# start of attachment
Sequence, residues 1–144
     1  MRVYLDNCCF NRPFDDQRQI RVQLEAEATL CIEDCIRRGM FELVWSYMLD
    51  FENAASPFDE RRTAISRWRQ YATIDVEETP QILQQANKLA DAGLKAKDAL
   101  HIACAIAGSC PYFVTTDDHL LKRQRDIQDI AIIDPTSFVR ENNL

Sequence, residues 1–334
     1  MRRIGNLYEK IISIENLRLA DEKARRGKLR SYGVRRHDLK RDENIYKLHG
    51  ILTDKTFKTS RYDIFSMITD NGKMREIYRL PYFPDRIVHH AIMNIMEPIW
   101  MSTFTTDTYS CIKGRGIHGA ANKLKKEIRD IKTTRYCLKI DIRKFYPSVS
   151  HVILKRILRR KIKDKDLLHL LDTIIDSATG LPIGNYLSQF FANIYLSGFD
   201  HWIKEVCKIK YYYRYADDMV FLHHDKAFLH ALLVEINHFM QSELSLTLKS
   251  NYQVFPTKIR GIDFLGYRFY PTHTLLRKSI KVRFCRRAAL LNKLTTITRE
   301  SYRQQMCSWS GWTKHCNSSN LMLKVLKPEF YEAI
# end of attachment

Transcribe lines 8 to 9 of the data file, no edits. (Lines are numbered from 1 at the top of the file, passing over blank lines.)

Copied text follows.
   101  MSTFTTDTYS CIKGRGIHGA ANKLKKEIRD IKTTRYCLKI DIRKFYPSVS
   151  HVILKRILRR KIKDKDLLHL LDTIIDSATG LPIGNYLSQF FANIYLSGFD